02 June 2012

Annotated Game #48: English-Leningrad Dutch Swindle

This sixth-round tournament game featured the first time I had taken on a true Leningrad Dutch-style defense by Black in the English Opening; Annotated Game #3 doesn't really count, as it contained a major (and inferior) deviation by Black.

It's amusing to see how both sides somewhat mishandle the opening, for opposite reasons.  White, at the time unfamiliar with the opening, wastes a bit of time with an early Qc2, then a few moves later makes the strategic error of exchanging his dark-square bishop for Black's Nf6.  Black in the meantime, despite his evident experience with a true Leningrad Dutch setup, did not think to seize the opportunity offered by the English-style approach taken by White, which he could have done by playing an earlier ...e5.

The position is therefore level going into the middlegame.  From my perspective, it was instructive to see how the delay in White's queenside pawn advance and the bishop exchange significantly weakened my overall prospects for good play.  On the Black side, his putting the queen on d7 meant that the standard kingside attacking motifs would not be available to him.  Nevertheless, after White prematurely resolves the central pawn tension, Black is left with whatever play there is in the position by move 17.  White then chooses to trade queens, but thereby leaves himself with a difficult queenless middlegame.

Despite Black's threatening central mass of pawns, White almost manages to finesse things with 21. d4, but then misses two tactics in a row, while Black only misses the first one, leaving him with a winning positional and material advantage.  White therefore goes into swindling mode starting on move 25, playing actively and aggressively, trying to create situations for Black to go wrong.  As occurred in Annotated Game #37, my opponent failed to fight off the swindle, being distracted by White's threatening play; in fact, the game becomes won for White.

Alas, I too go wrong in the endgame and the swindler is in turn swindled into a draw due to a nice rook sacrifice from Black, with White then having to force perpetual check or let Black queen a pawn.  The endgame play is overall rather typical of Class players, with neither side understanding the kinds of winning ideas that needed to be executed.  While I'm not particularly proud of my play in this game, at least it's another plus sign for my tenacity.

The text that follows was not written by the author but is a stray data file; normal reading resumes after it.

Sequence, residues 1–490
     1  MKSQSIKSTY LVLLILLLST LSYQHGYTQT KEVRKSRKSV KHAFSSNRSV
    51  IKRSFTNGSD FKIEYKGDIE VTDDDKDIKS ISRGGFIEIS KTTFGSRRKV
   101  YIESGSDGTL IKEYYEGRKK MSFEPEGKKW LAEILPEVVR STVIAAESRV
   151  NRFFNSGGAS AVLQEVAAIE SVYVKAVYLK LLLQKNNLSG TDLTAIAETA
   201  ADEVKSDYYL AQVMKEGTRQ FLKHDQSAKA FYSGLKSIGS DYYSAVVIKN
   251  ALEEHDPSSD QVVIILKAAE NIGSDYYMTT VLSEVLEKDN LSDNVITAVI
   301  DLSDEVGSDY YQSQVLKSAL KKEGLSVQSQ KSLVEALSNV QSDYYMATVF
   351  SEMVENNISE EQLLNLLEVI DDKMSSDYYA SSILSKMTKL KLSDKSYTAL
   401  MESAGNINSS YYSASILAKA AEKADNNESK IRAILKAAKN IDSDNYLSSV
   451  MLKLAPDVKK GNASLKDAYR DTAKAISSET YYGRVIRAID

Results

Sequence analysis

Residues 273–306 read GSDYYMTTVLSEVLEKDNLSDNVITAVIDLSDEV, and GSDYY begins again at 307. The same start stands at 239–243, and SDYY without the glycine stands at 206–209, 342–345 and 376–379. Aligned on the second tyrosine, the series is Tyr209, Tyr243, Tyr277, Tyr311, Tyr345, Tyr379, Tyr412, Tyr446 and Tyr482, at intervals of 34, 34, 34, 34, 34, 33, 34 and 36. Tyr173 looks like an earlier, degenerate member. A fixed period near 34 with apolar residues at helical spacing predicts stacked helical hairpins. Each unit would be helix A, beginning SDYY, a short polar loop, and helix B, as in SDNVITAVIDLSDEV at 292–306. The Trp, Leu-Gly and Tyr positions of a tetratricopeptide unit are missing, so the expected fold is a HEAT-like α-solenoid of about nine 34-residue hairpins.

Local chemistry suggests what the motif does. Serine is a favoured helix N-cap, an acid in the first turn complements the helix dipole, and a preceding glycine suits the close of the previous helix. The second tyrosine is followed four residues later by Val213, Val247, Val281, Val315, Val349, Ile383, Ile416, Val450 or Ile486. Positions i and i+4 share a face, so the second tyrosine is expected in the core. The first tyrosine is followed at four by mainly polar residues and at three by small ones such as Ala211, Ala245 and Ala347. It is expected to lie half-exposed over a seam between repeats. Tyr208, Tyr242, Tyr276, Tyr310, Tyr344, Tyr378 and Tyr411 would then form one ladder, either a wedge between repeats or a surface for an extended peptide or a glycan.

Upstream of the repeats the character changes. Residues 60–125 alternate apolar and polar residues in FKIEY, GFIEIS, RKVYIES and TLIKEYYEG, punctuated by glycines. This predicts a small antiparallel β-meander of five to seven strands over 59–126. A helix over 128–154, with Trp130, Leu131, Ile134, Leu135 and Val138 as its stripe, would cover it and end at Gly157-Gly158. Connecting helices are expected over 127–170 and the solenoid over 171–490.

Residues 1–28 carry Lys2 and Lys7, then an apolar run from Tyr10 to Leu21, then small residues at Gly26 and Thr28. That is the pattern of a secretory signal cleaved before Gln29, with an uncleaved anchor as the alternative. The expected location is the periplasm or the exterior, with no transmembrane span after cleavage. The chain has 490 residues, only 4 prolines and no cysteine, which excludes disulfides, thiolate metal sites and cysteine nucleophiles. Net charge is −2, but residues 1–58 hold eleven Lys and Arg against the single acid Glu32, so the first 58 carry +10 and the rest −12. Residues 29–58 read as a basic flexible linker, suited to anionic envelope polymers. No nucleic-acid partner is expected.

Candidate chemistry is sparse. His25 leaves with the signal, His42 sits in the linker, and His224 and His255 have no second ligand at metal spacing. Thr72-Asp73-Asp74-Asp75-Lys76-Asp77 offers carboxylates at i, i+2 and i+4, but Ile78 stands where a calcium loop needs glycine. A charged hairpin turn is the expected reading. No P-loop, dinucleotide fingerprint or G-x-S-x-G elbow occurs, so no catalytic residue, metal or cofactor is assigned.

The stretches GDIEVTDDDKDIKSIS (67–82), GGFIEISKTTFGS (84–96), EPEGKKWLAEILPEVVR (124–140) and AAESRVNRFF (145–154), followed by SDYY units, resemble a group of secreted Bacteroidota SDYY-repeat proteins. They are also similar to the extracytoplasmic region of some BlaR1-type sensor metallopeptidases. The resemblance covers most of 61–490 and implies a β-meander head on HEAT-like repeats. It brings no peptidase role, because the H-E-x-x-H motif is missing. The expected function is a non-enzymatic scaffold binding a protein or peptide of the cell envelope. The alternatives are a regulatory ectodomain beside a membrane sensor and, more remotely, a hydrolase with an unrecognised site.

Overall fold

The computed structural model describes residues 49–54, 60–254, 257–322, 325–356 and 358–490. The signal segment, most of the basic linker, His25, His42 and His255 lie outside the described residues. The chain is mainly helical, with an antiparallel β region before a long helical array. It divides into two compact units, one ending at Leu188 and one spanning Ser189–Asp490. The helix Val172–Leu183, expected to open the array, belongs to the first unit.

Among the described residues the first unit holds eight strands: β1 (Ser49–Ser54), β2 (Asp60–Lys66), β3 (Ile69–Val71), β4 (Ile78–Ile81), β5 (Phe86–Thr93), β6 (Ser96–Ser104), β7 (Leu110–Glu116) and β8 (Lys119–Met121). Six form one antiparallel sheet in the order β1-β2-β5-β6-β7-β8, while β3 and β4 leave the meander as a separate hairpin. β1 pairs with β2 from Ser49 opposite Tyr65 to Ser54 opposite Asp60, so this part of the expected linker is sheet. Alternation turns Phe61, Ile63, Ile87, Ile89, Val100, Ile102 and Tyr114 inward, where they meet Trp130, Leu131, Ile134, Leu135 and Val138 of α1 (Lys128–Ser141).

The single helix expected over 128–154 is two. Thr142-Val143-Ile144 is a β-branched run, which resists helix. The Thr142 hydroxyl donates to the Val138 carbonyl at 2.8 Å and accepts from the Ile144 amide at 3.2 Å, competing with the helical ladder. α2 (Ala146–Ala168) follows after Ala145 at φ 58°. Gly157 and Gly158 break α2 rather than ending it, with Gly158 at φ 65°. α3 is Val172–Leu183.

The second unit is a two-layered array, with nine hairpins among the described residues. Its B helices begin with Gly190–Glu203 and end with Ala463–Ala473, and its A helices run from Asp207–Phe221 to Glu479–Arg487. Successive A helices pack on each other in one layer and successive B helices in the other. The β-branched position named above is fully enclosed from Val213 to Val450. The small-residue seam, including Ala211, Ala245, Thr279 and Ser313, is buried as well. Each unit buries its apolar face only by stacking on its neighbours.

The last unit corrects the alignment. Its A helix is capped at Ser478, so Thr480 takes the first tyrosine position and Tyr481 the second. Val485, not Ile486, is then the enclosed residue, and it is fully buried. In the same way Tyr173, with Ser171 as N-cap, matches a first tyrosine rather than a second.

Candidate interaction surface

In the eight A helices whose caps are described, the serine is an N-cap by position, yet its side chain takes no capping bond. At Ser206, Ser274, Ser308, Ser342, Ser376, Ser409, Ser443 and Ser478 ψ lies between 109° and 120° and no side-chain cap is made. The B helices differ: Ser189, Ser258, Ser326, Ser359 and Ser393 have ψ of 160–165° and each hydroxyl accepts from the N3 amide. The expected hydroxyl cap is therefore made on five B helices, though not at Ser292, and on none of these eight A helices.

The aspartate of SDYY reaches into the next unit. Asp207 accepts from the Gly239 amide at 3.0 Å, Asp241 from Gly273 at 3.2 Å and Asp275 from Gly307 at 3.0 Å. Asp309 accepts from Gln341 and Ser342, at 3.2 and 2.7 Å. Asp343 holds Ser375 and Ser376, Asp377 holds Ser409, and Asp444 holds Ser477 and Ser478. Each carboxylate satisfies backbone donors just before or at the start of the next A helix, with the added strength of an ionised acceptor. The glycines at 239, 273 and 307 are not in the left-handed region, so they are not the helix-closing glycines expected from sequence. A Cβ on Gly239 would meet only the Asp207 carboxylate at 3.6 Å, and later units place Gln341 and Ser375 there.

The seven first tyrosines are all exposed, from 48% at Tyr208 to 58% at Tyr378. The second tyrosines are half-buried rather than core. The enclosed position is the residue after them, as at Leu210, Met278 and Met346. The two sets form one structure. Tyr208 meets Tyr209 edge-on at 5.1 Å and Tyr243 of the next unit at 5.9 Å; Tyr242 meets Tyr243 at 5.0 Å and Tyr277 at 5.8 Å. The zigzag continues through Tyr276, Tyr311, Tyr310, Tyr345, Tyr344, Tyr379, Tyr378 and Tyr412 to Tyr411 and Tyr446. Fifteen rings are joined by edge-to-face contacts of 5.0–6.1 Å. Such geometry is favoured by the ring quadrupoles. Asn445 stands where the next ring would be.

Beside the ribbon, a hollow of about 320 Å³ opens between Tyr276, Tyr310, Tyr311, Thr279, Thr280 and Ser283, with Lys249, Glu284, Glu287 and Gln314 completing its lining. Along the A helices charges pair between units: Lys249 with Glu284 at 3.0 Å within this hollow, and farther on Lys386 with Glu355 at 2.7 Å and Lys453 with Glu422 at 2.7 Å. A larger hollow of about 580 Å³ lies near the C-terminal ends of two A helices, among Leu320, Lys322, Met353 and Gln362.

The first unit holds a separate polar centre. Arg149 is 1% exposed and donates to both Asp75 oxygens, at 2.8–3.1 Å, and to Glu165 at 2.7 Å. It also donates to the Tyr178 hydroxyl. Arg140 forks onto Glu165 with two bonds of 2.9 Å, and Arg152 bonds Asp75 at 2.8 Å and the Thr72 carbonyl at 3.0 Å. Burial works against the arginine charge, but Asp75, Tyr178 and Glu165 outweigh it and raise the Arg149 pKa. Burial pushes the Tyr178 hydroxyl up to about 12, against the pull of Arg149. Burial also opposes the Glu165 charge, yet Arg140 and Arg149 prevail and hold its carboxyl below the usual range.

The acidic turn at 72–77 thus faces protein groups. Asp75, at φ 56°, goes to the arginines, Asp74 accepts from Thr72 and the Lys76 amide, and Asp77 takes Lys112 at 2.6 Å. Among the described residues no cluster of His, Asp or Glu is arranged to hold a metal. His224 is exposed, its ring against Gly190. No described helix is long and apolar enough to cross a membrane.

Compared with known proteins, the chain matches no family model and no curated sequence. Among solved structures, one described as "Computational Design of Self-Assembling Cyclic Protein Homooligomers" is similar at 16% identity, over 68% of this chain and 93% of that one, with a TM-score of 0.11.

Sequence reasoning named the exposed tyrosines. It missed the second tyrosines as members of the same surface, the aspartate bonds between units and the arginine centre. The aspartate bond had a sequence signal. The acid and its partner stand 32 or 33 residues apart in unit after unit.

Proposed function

[Event "?"] [Site "?"] [Date "????.??.??"] [Round "?"] [White "ChessAdmin"] [Black "Class B"] [Result "1/2-1/2"] [ECO "A10"] [Annotator "ChessAdmin/Fritz/Houdini"] [PlyCount "94"] {A10: English Opening: Unusual Replies for Black} 1. c4 f5 2. Nf3 Nf6 3. g3 g6 4. Bg2 Bg7 5. O-O d6 6. Nc3 O-O {this marks the first time I had faced a proper Leningrad Dutch setup with the English.} 7. Qc2 {the only three games in my database with this move are all wins for Black.} (7. d3 {is more to the point here, following the English strategy of taking away the e4 square from Black rather than transposing to the main line Leningrad Dutch with d4. Queen placement is better deferred.}) 7... Qe8 $146 {Black seems to be playing the opening on automatic; this is one of the standard Leningrad Dutch main lines moves, with the idea of supporting e5 and swinging the queen over to the kingside eventually.} (7... e5 {can be played immediately without the White pawn on d4; it would strike harder in the center and support a future ...f4 push. The general rule in the Leningrad Dutch is that if Black can get in ... e5 without any problems, it should be played.}) 8. d3 c6 {Consolidates b5+d5, notes Fritz.} 9. Bg5 {White chooses to exchange off Black's strong Nf6.} (9. b4 {would instead more quickly activate White's plan of queenside expansion.}) 9... h6 10. Bxf6 Bxf6 {Houdini now rates the position as equal. Black has an excellent, unopposed dark-square bishop and a head-start on his kingside pawn advance.} 11. Rab1 e5 (11... Qf7 {alternatively would deploy the queen as part of the kingside attack buildup.}) 12. b4 Be6 13. Nd2 (13. b5 {immediately may be slightly better.}) 13... Qd7 {I'm a little skeptical that this is the best placement for the queen, which in the Dutch usually is most effective on the g- and h-files.} 14. b5 d5 15. bxc6 {a premature resolution of the pawn tension.} (15. Rfd1 {would put the rook in play with latent threats on the d-file.} d4 {closing the file would lead to other penetrations by White on the queenside.} 16. Na4 Qe7 17. Nb3) 15... bxc6 16. cxd5 cxd5 17. Qa4 (17. Nb3 $5 { is Fritz's preference.} Na6 18. Qd2 $11 Bg5 {and Houdini also assesses the position as equal, but I think Black is having all the fun.}) 17... e4 $15 { Black finds the most effective counter, mobilizing his central pawn wedge.} 18. Qxd7 Nxd7 19. Nb5 Rfc8 20. Rfc1 Be5 (20... Rab8 {is the engines' choice.} 21. Rxc8+ Rxc8 22. Nb3 a6 23. N5d4 Bf7 {and Black's superior minor pieces and rook placement give him a definite edge.}) 21. d4 {White takes the opportunity to improve his central position.} a6 22. f4 $2 (22. Rxc8+ Rxc8 23. dxe5 axb5 { and only now} 24. f4) 22... axb5 {misses an opportunity to win a pawn via a desperado tactic.} (22... Rxc1+ 23. Rxc1 Bxf4 24. gxf4 axb5 25. Rc2 $19) 23. fxe5 $2 {this costs White a pawn.} (23. Rxc8+ {and White hangs on, comments Fritz.} Rxc8 24. dxe5 $11) 23... Rxc1+ $19 {this time the tactic is much simpler to spot.} 24. Rxc1 Rxa2 25. Rc6 {White chooses to play aggressively and actively. We are starting to reach swindle territory here, as White's game is essentially lost.} Rxd2 {a misstep.} (25... Kf7 $5 {keeps an even firmer grip, notes Fritz.} 26. Nb3 Rxe2 27. Rc7 $19 {and here White's rook is effectively contained, with no counterplay evident.}) 26. Rxe6 Rxd4 27. Rxg6+ Kf8 28. e6 $4 {objectively very poor, but I was in desperado mode by now.} (28. Bh3 Nxe5 29. Rb6 Rd1+ 30. Kg2 $17 {is preferred by the engines.}) 28... Ne5 29. Rxh6 Rd1+ 30. Bf1 ({Not} 30. Kf2 Ng4#) 30... Ng4 31. Rh7 {White by now is completely lost but is determined to keep throwing difficulties at Black.} Ne3 32. Kf2 Nxf1 33. h4 Nh2 {Black starts to get distracted here.} (33... d4 { instead would create unstoppable queening threats.} 34. g4 fxg4 35. Rd7 e3+ 36. Kg2 d3) 34. Ke3 Ng4+ 35. Kf4 {White's aggressive play now gives Black a chance to go wrong.} Nf6 {and he does!} (35... Rf1+ {and Black has triumphed, trumpets Fritz.} 36. Kg5 d4 $19) 36. Rf7+ Ke8 37. Rxf6 b4 (37... d4 38. Ke5 Rc1 $18) 38. Ke5 {the engines show this is now in fact won for White.} Ra1 39. Rh6 (39. Rxf5 $6 {is a weaker possibility, notes Fritz.} b3 40. Rh5 b2 41. Rh8+ Ke7 42. Rh7+ Kf8 43. Rh8+ Ke7 44. Rh7+ Kd8 45. Rh8+ Ke7 $11) 39... Ra6 40. Kf6 Kd8 41. Rh8+ Kc7 42. Kf7 $2 {the position is now drawn, White having missed Black's saving rook sacrifice.} (42. Kxf5 {secures the point} Kd6 43. Kf6 $18) 42... Rxe6 $11 43. Kxe6 b3 {the point being that Black's king covers the b8 square, preventing White's rook from stopping the pawn.} 44. Kxd5 (44. Kxf5 $4 {the pawn is safe and cannot be captured without dire consequences, notes Fritz.} b2 45. h5 b1=Q $19) 44... b2 45. Rh7+ Kb8 46. Rh8+ Kc7 47. Rh7+ Kb8 1/2-1/2